Although our practice is primarily influenced by the Reggio Emilia approach to early learning, we believe our children are best served by drawing perspective and insight from many different disciplines, philosophers and pedagogy, from Australia and overseas. We stay abreast of the research into early childhood, regularly assess and examine our processes and practice in the light of new ideas, and seek to integrate the best elements of each.
Our philosophy and practice is thus informed by that of the Municipal Schools of Reggio Emilia, Rudolf Steiner, Maria Montessori, and the International Baccalaureate, as well as our own observations and interactions.
In our philosophy, children are neither vessels to be filled nor people whose time must be occupied; they are strong, capable, and resilient researchers, exploring themselves and their environment.
Children have the ability, dexterity, and passion to devour knowledge, requiring only the freedom to explore and experiment. We are nurturers and caregivers, providing a safe environment for this exploration to take place, but we are also collaborators and co-researchers.
We recognise that children are competent individuals, each of whom we seek to know and respect. We gain insight into both the characteristics and the interests of each child through collaborating with parents, listening to the child, and observing their actions and interactions.
Based on these discoveries we build environments and opportunities for them to safely explore and develop their thoughts and understandings and to express these in any of the hundred languages for children, which include drawing, sculpture, dramatic play, movement and music.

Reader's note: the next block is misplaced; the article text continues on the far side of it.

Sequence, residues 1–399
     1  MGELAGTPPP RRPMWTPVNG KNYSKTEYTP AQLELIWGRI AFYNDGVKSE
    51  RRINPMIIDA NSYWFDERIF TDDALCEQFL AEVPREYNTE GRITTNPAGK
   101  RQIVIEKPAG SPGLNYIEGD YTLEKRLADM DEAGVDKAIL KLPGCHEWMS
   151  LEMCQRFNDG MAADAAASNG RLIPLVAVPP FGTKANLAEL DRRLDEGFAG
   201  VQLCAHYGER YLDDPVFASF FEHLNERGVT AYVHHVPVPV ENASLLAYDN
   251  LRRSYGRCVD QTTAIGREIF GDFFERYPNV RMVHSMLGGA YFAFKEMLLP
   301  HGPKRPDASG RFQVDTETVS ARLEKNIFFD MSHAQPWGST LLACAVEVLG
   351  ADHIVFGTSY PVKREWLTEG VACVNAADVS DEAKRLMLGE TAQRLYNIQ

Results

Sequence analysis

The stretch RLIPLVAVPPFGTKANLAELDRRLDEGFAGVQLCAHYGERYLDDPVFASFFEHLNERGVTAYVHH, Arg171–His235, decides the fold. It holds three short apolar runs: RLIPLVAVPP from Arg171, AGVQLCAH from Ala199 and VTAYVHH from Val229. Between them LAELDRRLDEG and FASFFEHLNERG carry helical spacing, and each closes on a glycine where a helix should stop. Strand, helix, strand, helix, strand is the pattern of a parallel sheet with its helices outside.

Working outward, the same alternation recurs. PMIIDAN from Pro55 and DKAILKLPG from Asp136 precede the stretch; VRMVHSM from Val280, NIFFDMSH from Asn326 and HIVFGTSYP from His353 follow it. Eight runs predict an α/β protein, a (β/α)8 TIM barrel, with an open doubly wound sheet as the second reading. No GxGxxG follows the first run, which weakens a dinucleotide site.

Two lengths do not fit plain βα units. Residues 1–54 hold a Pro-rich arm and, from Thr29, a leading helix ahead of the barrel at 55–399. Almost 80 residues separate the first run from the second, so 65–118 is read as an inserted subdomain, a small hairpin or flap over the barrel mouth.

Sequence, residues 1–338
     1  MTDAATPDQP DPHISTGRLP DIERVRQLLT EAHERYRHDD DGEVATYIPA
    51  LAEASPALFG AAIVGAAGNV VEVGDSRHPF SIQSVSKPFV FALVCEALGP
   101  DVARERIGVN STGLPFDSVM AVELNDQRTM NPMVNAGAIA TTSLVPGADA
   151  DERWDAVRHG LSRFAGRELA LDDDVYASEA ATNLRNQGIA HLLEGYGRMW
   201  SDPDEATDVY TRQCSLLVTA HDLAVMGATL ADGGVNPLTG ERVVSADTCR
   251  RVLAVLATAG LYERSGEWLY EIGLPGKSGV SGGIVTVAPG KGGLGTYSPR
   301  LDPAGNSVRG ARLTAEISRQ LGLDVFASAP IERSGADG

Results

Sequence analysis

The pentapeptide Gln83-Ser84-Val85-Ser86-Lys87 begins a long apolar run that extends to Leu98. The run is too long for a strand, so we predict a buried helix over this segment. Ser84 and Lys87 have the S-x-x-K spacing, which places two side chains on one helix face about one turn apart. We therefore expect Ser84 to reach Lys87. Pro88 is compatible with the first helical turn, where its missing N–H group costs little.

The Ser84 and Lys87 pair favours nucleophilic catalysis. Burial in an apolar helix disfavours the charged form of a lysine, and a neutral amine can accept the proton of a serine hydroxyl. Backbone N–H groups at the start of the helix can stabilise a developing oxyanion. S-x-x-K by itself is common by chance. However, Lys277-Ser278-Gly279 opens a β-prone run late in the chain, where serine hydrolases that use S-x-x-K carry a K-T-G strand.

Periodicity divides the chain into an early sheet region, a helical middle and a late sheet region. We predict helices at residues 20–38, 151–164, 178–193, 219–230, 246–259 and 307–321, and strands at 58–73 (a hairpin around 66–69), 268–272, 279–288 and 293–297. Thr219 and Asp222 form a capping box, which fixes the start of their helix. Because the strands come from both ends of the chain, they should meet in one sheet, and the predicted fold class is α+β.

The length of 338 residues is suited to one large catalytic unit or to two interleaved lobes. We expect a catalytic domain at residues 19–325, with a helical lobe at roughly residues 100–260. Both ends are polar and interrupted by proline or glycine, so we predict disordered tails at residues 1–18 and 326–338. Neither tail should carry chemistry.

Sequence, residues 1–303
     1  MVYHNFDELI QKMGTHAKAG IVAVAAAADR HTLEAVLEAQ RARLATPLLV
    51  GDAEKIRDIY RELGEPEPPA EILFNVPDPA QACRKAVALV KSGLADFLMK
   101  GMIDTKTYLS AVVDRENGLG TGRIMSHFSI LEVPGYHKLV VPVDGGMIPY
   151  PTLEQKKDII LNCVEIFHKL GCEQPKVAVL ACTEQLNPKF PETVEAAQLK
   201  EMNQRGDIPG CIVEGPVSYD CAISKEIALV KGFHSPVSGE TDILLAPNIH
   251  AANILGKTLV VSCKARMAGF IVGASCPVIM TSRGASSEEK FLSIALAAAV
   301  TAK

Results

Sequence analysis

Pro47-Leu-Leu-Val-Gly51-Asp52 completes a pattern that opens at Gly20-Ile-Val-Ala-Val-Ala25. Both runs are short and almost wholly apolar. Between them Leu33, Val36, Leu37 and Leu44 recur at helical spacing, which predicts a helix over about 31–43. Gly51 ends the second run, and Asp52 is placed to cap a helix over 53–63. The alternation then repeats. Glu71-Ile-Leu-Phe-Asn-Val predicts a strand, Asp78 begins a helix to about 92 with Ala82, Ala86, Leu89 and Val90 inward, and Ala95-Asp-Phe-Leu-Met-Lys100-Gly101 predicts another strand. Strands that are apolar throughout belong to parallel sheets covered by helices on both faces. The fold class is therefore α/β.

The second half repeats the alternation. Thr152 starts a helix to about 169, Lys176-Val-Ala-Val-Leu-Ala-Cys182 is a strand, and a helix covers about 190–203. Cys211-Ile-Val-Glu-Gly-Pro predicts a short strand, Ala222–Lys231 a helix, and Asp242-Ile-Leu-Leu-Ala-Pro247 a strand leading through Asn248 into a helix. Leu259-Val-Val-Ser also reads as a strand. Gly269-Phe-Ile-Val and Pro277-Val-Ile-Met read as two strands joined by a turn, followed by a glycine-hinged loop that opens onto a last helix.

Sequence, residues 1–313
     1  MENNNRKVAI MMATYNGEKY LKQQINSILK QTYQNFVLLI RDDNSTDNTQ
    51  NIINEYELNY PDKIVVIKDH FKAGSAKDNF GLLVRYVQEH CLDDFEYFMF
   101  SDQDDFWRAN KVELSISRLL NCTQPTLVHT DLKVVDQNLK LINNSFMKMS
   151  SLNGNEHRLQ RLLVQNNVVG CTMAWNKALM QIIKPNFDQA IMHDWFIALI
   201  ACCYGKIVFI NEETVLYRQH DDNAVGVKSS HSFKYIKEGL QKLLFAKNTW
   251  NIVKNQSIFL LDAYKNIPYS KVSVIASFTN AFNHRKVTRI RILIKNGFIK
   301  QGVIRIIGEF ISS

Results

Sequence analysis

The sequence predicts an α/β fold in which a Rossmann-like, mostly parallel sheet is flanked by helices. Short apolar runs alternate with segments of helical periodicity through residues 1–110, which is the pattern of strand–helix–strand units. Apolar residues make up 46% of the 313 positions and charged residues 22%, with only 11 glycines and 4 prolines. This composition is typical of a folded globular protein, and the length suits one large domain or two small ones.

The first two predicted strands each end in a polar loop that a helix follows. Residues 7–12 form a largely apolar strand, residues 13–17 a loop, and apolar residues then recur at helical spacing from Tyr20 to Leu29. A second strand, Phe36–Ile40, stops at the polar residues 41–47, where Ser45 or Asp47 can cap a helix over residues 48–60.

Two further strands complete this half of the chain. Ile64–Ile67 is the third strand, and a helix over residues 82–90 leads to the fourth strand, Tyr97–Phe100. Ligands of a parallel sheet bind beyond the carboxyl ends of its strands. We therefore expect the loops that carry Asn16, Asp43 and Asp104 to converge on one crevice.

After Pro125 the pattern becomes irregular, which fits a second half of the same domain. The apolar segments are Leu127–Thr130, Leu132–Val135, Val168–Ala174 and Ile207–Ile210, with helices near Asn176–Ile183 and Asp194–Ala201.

It is vital that children feel they have ownership over their own space and learning so they feel confident and comfortable. We facilitate this by planning routines, activities, and projects around children’s own sense of time and rhythm rather than the clock. We provide beautiful and well thought out environments, which the children become directly involved in creating and caring for.
Our Schools of Early Learning are important, decisive places where parents, educators, children, and the environment support all those involved to be themselves: original, individual, and whole.
The philosophy and practice at our Schools of Early Learning recognise the importance of the Rights of the Child. It is the cornerstone that allows us to see the needs of the whole child and take into consideration all areas of their development.
- Children need parents, teachers and the community to be constantly researching and looking at practice.
- Children need a safe secure environment that challenges and stimulates. This environment allows time for discovery, reflection, experimentation and for revisitation.
Children need a space to discover, to learn and to fail. This space needs to be theirs, it’s a place for mum and dad to visit, to learn about, to be interested in but not to control.